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BEA flights organisational structure.

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BEA flights organisational structure.

Old 28th May 2021, 07:10
  #21 (permalink)  
 
Join Date: Oct 2002
Location: London UK
Posts: 6,804
And thank you for that; I think it was actually what I based some notes I made at the time on, which also incorporate some dates from a Caravelle book (in French), which of course gives a notably partial view

Interesting about the Pan Am 727 in USA, which is not so well known. I have seen "carefully worded" statements elsewhere, such as the BEA one being "the first triple-redundant automatic landing", which of course it would be.

I wonder what the distinction between autoflare and autoland is.

As well as the certificate, BEA and then BA apparently used to give a "gift" to all pax who experienced and autoland - a tie for the chaps and a scarf for women. Not handed out at the gate like the inaugural flight, you had to send away for them if the captain announced it. They turn up on e-Bay from time to time. I've never seen one.
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Old 28th May 2021, 09:52
  #22 (permalink)  
 
Join Date: Sep 2010
Location: by the seaside
Age: 72
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Flash I’m only repeating what the guys said a couple of years ago and how neither were asked to attend the lane inquiry despite their written submissions. The Viscount skipper with whom I was to fly with several times on the gripper asked for a block take off after it became apparent that Key wasn’t going to roll anytime soon. If you were on the trident fleet then you would know whom I’m talking about.
WHMB..There was much discussion about the guys who jumped ship and how much more practical the Tristar system was. Incidentally I was invited by Peter Hearne to a BBQ at his french home after we had been rock polishing in the Alps where we had a very stimulating discussion and he revealed his roll with Smiths amongst other flight systems. We touched on the Russian artificial horizon and how more natural it was; this was before an ex Aeroflot pilot rolled one of Crossairs kites inverted and stuck it in the ground at Rumlang. Peter was trying a new thermal centering vario out, the centris, which was way ahead of the game then but is common place now. His obituary was interesting but have no links ..could have been posted by the Guild.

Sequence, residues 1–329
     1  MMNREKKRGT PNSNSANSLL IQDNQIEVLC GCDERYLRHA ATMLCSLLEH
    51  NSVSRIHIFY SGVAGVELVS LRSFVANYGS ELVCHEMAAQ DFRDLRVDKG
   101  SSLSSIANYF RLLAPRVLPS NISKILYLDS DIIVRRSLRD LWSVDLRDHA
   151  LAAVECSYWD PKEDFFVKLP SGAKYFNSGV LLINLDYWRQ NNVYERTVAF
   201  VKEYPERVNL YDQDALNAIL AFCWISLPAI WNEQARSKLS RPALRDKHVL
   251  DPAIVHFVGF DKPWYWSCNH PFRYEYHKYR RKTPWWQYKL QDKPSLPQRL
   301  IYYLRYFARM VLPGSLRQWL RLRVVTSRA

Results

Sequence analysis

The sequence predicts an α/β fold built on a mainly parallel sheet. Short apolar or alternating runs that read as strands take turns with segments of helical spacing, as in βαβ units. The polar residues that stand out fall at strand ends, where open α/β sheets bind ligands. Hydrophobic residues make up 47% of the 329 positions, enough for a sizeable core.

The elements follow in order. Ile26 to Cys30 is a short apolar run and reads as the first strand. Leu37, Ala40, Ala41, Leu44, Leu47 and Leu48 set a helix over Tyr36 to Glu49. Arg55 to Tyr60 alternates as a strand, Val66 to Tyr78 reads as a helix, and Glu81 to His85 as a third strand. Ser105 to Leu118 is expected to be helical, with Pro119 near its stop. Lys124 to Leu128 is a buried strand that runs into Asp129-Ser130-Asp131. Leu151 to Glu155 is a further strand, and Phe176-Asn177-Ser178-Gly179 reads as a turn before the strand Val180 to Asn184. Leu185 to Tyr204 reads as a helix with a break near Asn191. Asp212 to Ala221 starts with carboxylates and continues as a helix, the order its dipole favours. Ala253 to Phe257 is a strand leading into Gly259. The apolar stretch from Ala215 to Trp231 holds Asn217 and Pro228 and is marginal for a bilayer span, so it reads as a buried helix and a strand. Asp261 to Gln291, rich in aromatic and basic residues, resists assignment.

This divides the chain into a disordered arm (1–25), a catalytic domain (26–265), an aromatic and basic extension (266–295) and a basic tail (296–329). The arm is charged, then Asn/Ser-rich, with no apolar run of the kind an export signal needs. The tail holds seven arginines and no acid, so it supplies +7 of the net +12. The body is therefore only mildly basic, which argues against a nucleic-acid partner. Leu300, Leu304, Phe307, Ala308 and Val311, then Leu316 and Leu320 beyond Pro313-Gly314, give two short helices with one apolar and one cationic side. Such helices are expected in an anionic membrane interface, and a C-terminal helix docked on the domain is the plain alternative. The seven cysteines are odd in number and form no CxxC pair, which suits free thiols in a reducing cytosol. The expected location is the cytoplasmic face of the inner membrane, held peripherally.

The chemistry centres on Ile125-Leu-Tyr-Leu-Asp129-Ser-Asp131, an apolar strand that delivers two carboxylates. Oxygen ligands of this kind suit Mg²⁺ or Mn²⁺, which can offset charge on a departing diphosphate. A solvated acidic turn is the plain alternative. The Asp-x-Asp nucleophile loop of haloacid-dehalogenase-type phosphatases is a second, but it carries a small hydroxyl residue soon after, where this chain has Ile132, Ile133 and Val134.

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Old 28th May 2021, 10:17
  #23 (permalink)  
 
Join Date: Jan 1999
Location: variable
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Perhaps apocryphal, perhaps an embellishment of the truth . . .

In the early days of BEA autoland operation a Trident is inbound to LHR, which is stubbornly below limits for Cat I ILS, with little improvement likely for a while. The three pilots find––a rarity––that not only are all of them autoland certified, but so is the Gripper's autopilot. So they carefully brief themselves on the procedures and calls required.

Checking in with London Airways (as it used to be) they are instructed to maintain FL350 and call entering the hold at Lydd. So they play their master card, announcing their special capabilities and requesting descent for an approach and autoland.

'Roger, Bealine, the RVR is now 700 metres and you're number 17 in the landing sequence.'
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Old 28th May 2021, 14:11
  #24 (permalink)  
 
Join Date: Sep 2010
Location: by the seaside
Age: 72
Posts: 1,009
Had the opposite flying with an ex Luftwaffe starfighter always minimum fuel skipper from a london night stop back home to Zurich. Left him to the planning whilst I went to Smiths to buy a load of mags for the mrs and the Sunday sport. Looked at the planning whilst strapping myself in and yet again minimum fuel in spite of prob temp below minimum as well as our alternate dodgy. His dad had a cannon shell go through his head whilst approaching to land in a Focke wulf 190 courtesy of a septic.
As often happened sunrise saw a thickening of the fog and we got reduce to minimum speed expected approach time xxxx which meant we were off to Stuttgart soon. Luckily the fog thickened which closed the airfield to most of the other traffic so I stated our capabilities and we were taken out of the hold for a direct approach. I didn’t mention it and after that we got on well, so well that he later gave me the only flight that we were to do to Caracas and when I asked for a visual from 12 grand downwind he just sat and watched...dropped down onto the glide slope from above and spooled the DC10 engines up at 700ft.
and you tell that to the youngsters and they won’t believe you..manual of course and no flight director...
PS I even flared it properly and didn’t fly into the runway.
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